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What Are the Benefits of Having a Health Coach?

What Are the Benefits of Having a Health Coach?

They can help you reach your health goals, manage a health condition and so much more.

Want to improve your overall health? Lose weight? Quit smoking? You’re not alone. However, change is hard and sustaining behavior changes for the long-term is even harder. That’s why many people work with a health coach, a professional “buddy” who can help you achieve your health and wellness goals—whatever they may be.

Here are a few of the ways a health coach can help you.

Help prevent or manage chronic conditions
Did you know that many chronic conditions—such as diabetes and heart disease—may be prevented by eating a healthy diet, getting regular physical activity, avoiding obesity and not smoking? Translating these simple lifestyle goals into realistic daily activities is easier said than done. However, health coaching can help.

For example, the Diabetes Prevention Program used lifestyle coaches (who were mostly dietitians) to help participants lose weight. Over three years, the study found a 58 percent reduction in new cases of diabetes for those who were at high risk.

Often, clients have a condition, such as pre-diabetes, or they want to lower their blood glucose levels into the normal range, or they have high cholesterol and want to bring it down without going on medications, says Flavia Magoba, a Sharecare coach in Silver Spring, Maryland. “We’ll talk about lifestyle changes they can make to help prevent progression to full-blown diabetes or heart disease.”

Magoba says, based on her experience, people with prediabetes are normally not referred to a registered dietitian until they’re actually diabetic. “It’s harder to reverse it then, whereas if you have prediabetes, it’s easier to prevent crossing over,” she says. A coach can help you change the way you eat. “We don’t provide [fad] diets. We provide solutions for lifetime changes,” she says.

Be an active participant in your own health
A coach helps you focus on why you’re motivated to change and encourages you to set your own health and wellness goals. After all, you’re much more likely to be committed to goals you set for yourself rather than those someone else dictates.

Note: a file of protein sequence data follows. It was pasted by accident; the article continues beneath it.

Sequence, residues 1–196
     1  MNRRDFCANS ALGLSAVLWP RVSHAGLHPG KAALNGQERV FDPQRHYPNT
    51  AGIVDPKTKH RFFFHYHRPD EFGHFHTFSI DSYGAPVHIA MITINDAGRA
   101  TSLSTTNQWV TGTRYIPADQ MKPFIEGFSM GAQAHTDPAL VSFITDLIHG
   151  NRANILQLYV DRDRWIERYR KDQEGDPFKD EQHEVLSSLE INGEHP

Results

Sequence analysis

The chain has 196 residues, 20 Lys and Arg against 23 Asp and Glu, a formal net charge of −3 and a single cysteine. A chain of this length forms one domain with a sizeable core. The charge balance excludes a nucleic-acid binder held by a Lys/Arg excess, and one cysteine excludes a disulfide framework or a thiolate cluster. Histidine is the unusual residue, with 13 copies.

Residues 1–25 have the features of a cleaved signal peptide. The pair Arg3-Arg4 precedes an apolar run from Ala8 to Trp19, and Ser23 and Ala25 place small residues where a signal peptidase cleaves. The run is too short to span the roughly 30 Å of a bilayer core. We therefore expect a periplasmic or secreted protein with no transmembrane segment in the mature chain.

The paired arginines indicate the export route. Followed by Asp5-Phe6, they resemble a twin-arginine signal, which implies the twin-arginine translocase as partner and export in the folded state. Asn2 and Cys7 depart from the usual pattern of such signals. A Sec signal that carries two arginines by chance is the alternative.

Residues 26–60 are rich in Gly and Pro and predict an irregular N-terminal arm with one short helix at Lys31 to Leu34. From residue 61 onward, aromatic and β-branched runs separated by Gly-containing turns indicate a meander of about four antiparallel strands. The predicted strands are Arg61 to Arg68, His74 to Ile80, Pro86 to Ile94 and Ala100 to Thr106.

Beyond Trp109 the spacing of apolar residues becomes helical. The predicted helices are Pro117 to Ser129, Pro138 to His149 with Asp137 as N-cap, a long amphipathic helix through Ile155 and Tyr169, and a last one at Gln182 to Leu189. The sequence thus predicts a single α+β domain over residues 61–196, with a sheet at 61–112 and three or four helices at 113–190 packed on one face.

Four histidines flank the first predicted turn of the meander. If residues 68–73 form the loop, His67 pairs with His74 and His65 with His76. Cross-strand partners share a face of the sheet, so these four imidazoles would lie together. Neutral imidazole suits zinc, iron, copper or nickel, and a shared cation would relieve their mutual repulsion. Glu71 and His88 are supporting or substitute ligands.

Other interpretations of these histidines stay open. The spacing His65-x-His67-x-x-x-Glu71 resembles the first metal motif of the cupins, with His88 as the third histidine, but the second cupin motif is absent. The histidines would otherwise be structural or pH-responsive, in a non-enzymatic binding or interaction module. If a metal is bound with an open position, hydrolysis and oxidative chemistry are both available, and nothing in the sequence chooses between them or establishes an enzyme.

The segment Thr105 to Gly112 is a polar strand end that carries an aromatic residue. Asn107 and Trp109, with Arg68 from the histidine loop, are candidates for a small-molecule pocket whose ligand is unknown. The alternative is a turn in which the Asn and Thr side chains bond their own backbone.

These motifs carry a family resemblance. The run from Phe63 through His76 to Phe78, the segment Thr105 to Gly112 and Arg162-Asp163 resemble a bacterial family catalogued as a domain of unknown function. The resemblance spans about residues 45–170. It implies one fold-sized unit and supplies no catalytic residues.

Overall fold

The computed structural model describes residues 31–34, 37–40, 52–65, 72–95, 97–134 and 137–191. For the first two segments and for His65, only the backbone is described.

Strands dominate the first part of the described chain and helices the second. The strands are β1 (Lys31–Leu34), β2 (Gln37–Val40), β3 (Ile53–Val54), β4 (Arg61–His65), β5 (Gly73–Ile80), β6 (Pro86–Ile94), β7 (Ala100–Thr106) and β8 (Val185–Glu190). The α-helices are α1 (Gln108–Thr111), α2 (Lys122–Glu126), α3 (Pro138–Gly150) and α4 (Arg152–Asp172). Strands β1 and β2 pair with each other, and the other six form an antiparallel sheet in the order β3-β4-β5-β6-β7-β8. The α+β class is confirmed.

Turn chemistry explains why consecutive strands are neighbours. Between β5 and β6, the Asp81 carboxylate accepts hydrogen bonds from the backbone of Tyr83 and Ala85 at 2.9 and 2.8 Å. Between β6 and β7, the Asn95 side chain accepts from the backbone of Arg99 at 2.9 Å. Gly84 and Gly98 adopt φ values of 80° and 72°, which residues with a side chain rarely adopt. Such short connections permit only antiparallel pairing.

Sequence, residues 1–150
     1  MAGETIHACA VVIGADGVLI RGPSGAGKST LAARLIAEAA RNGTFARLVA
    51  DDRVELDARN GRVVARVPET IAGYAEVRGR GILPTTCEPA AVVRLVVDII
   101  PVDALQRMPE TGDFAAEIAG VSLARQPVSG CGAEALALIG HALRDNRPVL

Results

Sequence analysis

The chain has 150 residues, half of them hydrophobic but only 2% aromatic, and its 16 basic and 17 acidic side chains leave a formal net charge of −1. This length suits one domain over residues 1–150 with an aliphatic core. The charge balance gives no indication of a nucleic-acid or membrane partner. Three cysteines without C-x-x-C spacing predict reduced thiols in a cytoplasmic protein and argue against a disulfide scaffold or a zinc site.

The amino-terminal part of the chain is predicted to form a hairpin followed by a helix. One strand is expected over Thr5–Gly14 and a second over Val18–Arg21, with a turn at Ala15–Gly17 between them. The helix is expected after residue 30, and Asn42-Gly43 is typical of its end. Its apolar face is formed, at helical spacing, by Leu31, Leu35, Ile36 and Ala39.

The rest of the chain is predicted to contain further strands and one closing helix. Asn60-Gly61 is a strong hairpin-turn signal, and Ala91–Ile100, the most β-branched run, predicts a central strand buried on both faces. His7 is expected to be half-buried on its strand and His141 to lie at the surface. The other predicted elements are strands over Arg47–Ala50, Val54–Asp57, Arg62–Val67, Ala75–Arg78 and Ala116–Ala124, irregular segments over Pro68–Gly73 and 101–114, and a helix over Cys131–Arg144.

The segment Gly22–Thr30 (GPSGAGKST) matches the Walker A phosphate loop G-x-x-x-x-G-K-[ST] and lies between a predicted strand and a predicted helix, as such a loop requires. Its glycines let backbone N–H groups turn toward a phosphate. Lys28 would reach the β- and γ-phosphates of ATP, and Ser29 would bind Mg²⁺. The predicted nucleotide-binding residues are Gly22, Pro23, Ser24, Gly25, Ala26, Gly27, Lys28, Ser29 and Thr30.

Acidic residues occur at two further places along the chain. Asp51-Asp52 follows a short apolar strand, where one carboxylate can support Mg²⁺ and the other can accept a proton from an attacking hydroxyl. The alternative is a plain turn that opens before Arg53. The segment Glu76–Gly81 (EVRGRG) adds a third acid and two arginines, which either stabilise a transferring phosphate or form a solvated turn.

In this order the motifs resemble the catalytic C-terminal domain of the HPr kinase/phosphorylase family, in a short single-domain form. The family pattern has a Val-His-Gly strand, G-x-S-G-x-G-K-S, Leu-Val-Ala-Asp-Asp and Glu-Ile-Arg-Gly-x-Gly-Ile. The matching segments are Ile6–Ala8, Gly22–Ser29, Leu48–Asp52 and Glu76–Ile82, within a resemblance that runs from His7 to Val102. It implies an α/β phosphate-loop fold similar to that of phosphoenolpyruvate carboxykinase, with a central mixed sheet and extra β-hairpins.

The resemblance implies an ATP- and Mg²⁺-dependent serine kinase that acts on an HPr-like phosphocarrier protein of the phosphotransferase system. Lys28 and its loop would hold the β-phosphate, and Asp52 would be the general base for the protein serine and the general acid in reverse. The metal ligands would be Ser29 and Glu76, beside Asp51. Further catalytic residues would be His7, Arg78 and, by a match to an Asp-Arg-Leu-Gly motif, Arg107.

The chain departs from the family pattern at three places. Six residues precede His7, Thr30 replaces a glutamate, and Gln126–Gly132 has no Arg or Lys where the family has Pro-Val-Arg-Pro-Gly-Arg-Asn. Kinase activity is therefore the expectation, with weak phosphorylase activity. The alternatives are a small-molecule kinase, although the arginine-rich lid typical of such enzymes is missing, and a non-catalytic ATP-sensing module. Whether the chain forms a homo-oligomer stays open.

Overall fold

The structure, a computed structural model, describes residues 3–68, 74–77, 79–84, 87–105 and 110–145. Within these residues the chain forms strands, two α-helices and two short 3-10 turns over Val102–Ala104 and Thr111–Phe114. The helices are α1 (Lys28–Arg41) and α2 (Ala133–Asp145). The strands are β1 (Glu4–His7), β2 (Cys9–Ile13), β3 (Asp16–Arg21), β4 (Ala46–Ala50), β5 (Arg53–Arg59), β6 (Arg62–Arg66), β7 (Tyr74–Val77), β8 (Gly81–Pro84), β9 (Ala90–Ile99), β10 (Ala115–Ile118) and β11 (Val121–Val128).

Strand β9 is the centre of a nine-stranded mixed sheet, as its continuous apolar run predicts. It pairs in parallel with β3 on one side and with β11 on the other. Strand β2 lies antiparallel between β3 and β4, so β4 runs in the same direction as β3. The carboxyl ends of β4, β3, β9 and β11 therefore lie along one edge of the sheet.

Magoba says good coaches learn as much as they can about their clients. “Are they looking for information? Do they need a lot of handholding? Are they resistant to change, or do they just need praise to maintain what they are already doing? I meet them where they are, but I don’t impose what I think they should be doing."

While a coach can be an invaluable source of information, support and accountability, ultimately, clients are the experts of themselves, Magoba says. “They are the drivers of the process. They know themselves more than anybody does.”

Achieve sustainable results
If you’ve ever tried to quit smoking or lose weight and didn’t succeed (or relapsed), you know it’s hard to get change to stick. A review of the literature found that when individuals have someone to collaborate with, someone who recognizes their individuality and encourages them to learn, they are more likely to change their behavior. This, in a nutshell, is health coaching. It’s also really a version of the “teach a man to fish” parable; coaching helps you develop the tools you need to make the long-term changes you want.

Bridge between your physician’s office and real life
Your physician recommended you lose weight. Now what? A health coach can help you figure out what you actually need to do to lose the weight and keep it off. “We’re not trying to replace what you’re doing with your doctor, but rather, we are an extra layer of support between doctor visits,” says Magoba. Your doctor gives you an instruction and coaches help you identify your personal vision, set actionable goals and then take small, bite-size steps to reach those goals, she says.

Anyone can benefit from having a health coach if you want to make sustainable lifestyle changes to achieve long-term wellness goals. “Our demographics vary widely, from legislators to CEOs to the average Joe,” says Spaller. “These are the people working 9 to 5 who are busy with their kids and have let their health go. They want to set goals and get back on track,” Spaller says. Ask your doctor or fitness club to recommend a health coach who's right for you.

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